President Dalia Grybauskaite opened an international conference ‘Horizons for Social Sciences and Humanities’. It is one of the events of Lithuania’s Presidency of the Council of the European Union.
According to President Grybauskaite, social sciences and humanities deliver knowledge and experience to address conflicts and achieve peace through negotiations, collaborative work and communication – not by force or arms. Studies in these sciences offer the people and society competences of communication and collaboration, a broad cultural outlook, and a humanistic approach to the world.
Answers to existential questions
“Man and society is the source of all and everything. It is therefore social sciences and humanities that allow us to better perceive ourselves and the surrounding environment, help find the answers to existential questions, as well as to understand our expectations and our own place in the world. Contribution by representatives of social sciences and humanities is important to our well-being as their ideas and enthusiasm build a road to a modern and strong Europe,” Lithuanian President Dalia Grybauskaite said.
The conference will include key aspects of promoting higher education in Europe and the role social sciences and humanities should play in implementing the strategic framework Horizon 2020.
As important as natural sciences
Recently the humanities and social sciences received much more attention, in particular by the League of European research Universities (LERU). In a new advice paper LERU suggests ways in which the EU’s research programme Horizon 2020 can ensure that social sciences and humanities research is properly represented.
The Research Universities argue how and why this research is essential if Europe and the world are to solve major societal challenges such as ageing populations, food security, clean energy, smart transport or adaptation to climate change.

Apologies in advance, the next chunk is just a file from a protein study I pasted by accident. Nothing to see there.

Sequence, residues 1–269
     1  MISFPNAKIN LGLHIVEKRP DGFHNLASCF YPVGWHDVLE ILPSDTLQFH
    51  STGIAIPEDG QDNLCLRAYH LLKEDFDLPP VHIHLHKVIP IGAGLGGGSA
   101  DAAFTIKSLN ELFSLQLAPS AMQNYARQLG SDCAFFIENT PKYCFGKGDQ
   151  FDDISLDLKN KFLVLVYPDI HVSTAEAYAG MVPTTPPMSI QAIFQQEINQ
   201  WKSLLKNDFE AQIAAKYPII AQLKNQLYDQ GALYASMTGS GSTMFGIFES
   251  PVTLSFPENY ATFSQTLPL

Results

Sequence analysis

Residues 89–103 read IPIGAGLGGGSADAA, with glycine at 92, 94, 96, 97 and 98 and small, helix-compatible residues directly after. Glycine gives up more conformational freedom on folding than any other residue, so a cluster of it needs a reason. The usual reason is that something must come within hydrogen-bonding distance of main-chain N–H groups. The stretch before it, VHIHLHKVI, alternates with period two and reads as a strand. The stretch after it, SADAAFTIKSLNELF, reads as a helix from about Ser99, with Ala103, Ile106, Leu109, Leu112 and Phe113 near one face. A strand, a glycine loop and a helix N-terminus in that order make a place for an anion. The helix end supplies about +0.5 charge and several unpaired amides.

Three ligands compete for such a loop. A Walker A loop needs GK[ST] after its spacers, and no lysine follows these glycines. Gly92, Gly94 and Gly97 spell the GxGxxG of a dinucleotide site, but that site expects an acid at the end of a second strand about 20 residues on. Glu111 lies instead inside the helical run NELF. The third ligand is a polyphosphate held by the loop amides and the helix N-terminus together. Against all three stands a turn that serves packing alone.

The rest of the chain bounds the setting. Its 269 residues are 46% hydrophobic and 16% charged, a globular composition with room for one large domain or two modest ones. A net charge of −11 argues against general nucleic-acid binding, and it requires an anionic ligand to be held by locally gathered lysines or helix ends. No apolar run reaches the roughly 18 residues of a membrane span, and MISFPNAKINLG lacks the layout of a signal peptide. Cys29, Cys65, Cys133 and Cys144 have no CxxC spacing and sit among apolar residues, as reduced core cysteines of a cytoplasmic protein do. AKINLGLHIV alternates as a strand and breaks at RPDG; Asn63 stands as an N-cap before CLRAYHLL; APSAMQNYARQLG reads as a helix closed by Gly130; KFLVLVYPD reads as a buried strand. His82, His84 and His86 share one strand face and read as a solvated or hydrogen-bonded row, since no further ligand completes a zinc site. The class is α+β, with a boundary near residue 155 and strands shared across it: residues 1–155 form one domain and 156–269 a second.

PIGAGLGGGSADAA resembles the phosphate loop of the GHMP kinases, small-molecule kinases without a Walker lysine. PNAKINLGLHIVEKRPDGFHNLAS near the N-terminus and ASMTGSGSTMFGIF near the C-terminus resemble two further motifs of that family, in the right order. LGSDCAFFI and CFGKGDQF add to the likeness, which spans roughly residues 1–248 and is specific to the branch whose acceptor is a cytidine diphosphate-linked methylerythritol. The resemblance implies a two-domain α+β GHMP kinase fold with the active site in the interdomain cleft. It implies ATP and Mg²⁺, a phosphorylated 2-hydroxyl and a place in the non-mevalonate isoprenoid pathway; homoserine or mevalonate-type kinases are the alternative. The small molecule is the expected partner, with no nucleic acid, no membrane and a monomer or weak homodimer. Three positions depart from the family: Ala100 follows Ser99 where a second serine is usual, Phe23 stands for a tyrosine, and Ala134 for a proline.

“The insights of social sciences and humanities research are as important as natural-scientific and technological breakthroughs in coming up with innovations that will be useful to governments, companies and citizens. Moreover, it is crucial that these insights are taken on board not as an add-on but are inherently built in at the very start of research projects, from the formulation of the questions to be addressed all the way through to the end.”
The LERU paper contains seven chapters for each of the seven societal challenges in Horizon2020, setting out the major social sciences and humanities research perspectives that need to be addressed. For example, the paper explains how this research is needed to take into account, for example:
- socio-psychological factors and habits of modern life, if we are going to convince an ageing population to remain physically active and healthy;
- the forces that drive public opinion and the powerful informational and educational role of the arts and the media, if we want societies and individuals to moderate their energy consumption;
- people’s everyday habits, beliefs, working and commuting routines from a social and psychological perspective if we want to devise smarter and greener transport systems.
A separate chapter in the paper is devoted to across-the-board ethical issues that should be addressed in the societal challenges and other Horizon2020 research programmes. The paper ends with a call to launch a flagship research initiative aimed at building a resilient and dynamic Europe in a globalised world.